Telehealth and medical malpractice risks

On Behalf of | Dec 23, 2022 | Medical Malpractice |

Telehealth has become more widely available to West Virginia residents. And the ability to receive virtual healthcare is a convenience for many. But telemedicine increases the risk of medical malpractice for patients and doctors.

What is medical malpractice?

Medical malpractice occurs when a healthcare provider harms a patient. A hospital, nurse, doctor or other healthcare professional counts as a healthcare provider. The harm must come from medical negligence or failing to provide important information.

In this case, harm is a broad term that covers different situations. Harm can include physical injury, mental distress, loss of income and other forms of suffering. Below are some common medical malpractice risks associated with remote healthcare.

Incorrect diagnosis

Misdiagnosis is the largest risk associated with telehealth. Incorrect diagnosis of infection, cancer and stroke is the basis for many malpractice claims. Technology plays a role in the high number of diagnosis mistakes. Glitches in audio and video streaming can affect the quality of communication. As a result, this might affect what the doctor hears and influence the diagnosis.

It’s wise to test your equipment before your remote healthcare appointment. Your audio and video should work well. Also, access to a reliable high-speed internet connection is preferable. You can also ask your doctor questions to make sure you both understand each other.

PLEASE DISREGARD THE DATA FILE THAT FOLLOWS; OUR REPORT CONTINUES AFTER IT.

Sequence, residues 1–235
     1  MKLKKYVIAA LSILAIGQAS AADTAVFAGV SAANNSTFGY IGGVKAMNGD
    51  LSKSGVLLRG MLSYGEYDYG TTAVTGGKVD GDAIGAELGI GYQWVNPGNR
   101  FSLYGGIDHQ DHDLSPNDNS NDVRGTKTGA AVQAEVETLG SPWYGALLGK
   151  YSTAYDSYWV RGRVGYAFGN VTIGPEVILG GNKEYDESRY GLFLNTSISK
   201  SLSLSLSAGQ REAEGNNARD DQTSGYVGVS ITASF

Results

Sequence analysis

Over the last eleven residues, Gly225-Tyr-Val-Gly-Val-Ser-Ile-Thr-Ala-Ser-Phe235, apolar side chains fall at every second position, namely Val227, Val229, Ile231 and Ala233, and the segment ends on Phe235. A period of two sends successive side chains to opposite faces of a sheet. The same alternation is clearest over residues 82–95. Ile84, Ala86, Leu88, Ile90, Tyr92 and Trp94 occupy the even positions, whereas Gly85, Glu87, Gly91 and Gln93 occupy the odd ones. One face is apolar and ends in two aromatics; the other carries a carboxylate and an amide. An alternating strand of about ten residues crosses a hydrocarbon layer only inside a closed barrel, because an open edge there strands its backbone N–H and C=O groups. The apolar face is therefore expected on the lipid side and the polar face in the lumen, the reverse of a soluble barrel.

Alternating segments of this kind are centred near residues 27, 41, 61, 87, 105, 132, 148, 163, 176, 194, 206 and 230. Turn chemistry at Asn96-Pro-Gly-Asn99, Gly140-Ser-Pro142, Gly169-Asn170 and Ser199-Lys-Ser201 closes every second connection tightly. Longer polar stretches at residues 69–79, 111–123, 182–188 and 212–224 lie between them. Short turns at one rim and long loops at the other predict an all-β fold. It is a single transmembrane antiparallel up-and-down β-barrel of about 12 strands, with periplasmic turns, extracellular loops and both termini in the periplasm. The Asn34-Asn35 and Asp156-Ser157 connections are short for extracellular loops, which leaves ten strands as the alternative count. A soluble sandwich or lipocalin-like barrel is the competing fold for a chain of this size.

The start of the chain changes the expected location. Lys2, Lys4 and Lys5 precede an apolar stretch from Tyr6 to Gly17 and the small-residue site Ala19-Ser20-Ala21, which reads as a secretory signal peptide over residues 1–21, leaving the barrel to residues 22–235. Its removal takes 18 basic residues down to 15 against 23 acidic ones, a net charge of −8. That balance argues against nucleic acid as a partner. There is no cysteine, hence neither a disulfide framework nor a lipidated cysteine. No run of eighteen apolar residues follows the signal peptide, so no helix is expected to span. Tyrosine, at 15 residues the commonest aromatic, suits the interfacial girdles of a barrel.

Privacy issues

HIPPA laws ensure your patient information is only shared with your consent or knowledge. And like your in-person doctor visits, HIPAA compliance is required for virtual visits. Your doctor should make you aware of your privacy rights. And if you’re a healthcare provider, take steps to make sure you and your staff remain in compliance with HIPAA.

Private data security

Telehealth relies on technology. This opens the door for possible risks involving data security. If patient information isn’t stored correctly, it’s possible a hacker could access the information. Maintaining software updates and using firewalls can help reduce the risk of your patient data being comprised.

The risk of medical malpractice is a bit higher with virtual healthcare. But now you’re aware of some of the biggest risks. That means you can take these risks into consideration during your next telehealth appointment.

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